Why not let nonlawyers help regulate the legal profession? Law prof makes case for change
Posted May 20, 2013 7:45 AM CST
By Debra Cassens Weiss
Lawyers are not all-knowing and could benefit by allowing nonlawyer outsiders to help regulate the profession, a law professor says in a law review article.
Washington and Lee law professor James Moliterno tells the Wall Street Journal Law Blog (sub. req.) that nonlawyers should be allowed to serve in leadership and policy positions in the ABA and state bar associations, where they could help set standards for the profession. He makes his case in an Emory Law Journal article (PDF) and a new book, The American Legal Profession in Crisis: Resistance and Responses to Change.
In an interview with the Law Blog, Moliterno outlines possible changes if nonlawyers help govern the profession. There could be a movement to a national law license or a relaxed admission-on-motion system to allow freer law practice across borders. Ethics rules barring nonlawyer ownership of law firms would likely be relaxed. And entities such as LegalZoom and Rocket Lawyer would gain ground as a way to assist low- and middle-income people needing legal help.
Here are some excerpts from Moliterno’s article:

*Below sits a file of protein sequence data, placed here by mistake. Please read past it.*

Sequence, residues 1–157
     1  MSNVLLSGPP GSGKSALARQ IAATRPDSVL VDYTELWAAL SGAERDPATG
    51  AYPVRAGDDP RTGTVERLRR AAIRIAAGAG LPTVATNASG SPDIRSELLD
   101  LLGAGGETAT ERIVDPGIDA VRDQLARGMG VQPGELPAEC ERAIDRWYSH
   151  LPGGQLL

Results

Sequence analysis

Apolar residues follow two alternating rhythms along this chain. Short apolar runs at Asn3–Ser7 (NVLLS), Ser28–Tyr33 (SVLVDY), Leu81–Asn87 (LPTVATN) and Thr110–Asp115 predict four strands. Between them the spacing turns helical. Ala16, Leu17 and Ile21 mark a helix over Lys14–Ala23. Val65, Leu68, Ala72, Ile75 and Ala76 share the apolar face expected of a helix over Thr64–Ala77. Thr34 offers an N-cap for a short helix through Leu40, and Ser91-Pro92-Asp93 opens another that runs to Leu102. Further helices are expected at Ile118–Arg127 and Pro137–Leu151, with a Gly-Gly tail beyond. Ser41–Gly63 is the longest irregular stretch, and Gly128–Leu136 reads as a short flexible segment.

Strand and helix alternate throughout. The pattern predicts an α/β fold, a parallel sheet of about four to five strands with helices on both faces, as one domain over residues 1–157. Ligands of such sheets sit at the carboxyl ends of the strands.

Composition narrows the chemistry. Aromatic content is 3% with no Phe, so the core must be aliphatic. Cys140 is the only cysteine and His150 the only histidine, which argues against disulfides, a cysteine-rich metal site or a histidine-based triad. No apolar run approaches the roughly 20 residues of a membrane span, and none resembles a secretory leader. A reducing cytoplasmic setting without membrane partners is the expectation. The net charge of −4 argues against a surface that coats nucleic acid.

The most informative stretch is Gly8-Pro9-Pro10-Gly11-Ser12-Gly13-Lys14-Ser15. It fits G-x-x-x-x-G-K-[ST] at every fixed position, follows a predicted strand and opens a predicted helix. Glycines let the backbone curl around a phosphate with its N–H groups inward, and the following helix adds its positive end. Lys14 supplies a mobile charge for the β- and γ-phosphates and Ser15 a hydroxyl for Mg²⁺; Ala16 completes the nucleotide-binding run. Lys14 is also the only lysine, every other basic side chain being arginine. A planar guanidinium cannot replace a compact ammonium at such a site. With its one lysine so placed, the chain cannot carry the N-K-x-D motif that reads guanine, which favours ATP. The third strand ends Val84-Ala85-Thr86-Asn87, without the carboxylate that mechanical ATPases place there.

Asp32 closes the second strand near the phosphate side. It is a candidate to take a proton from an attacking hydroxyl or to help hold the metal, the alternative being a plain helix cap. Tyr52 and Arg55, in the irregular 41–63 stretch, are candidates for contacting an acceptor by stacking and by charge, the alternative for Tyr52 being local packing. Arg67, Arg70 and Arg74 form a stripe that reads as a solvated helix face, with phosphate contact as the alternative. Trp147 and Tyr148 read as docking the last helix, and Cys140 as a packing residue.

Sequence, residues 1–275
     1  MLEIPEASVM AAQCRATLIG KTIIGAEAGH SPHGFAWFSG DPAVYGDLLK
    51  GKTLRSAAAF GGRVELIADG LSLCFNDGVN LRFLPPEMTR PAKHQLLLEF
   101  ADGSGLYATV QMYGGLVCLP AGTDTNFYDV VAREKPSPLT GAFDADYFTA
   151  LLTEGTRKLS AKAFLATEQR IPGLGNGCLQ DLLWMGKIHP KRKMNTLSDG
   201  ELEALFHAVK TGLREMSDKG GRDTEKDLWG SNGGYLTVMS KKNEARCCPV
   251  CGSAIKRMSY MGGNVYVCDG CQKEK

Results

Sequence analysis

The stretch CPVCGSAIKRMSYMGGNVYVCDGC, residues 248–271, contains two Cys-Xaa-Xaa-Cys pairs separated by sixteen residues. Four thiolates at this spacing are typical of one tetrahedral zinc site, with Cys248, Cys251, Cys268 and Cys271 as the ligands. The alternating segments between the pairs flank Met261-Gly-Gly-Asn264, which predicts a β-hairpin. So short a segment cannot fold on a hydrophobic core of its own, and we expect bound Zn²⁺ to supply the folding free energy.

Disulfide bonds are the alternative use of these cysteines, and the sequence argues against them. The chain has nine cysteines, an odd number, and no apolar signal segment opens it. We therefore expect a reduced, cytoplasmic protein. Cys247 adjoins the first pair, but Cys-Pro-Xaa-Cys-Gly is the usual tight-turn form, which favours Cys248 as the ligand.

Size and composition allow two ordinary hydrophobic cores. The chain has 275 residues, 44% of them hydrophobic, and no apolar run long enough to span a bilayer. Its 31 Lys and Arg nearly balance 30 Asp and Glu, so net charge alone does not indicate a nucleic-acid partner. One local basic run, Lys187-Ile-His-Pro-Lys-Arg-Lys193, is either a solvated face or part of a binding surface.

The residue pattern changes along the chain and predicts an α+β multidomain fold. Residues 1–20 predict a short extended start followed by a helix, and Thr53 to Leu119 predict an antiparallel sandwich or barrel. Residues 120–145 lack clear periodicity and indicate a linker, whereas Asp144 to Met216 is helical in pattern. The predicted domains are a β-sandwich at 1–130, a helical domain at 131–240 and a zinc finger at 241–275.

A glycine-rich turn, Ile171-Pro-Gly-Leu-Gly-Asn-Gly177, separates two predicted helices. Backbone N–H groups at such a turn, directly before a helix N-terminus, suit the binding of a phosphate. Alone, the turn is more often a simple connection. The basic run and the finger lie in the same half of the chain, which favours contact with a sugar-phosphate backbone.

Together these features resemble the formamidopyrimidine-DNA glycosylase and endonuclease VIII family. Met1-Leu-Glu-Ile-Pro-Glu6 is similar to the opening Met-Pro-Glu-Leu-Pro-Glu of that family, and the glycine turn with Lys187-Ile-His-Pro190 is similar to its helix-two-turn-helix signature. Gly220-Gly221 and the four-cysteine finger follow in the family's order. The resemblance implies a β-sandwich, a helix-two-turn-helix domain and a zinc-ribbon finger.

“The profession seems to repeat the same question in response to every crisis: How can we stay even more ‘the same’ than we already are? In short, the legal profession is ponderous, backward looking, and self-preserving. …
“I recommend a more forward-looking approach that welcomes the views, and even control, of nonlawyers and innovators in business and other enterprises. My hope is that the legal profession can be more like companies that have thrived because of their innovative tendencies (e.g., Apple, IBM, and Western Union), and less like companies whose stagnancy caused large-scale problems (e.g., Kodak). …
“History demonstrates that lawyers are inept at being their own exclusive regulators. Lawyers tend to look backward to precedent and sideways to existing articulations of law. When lawyers do look forward, their primary task is to predict and guard against risk. It is not in lawyers’ nature to be forward-looking planners or sensitive to cultural trends. …
“The unwelcome cure is to enlist nonlawyers—planners and evaluators of cultural trends—in the regulation of the legal profession. These people, who have a wider view and can see the path ahead and not merely the ground already trod, can regulate the legal profession without the same self-interest as established members of the bar.”
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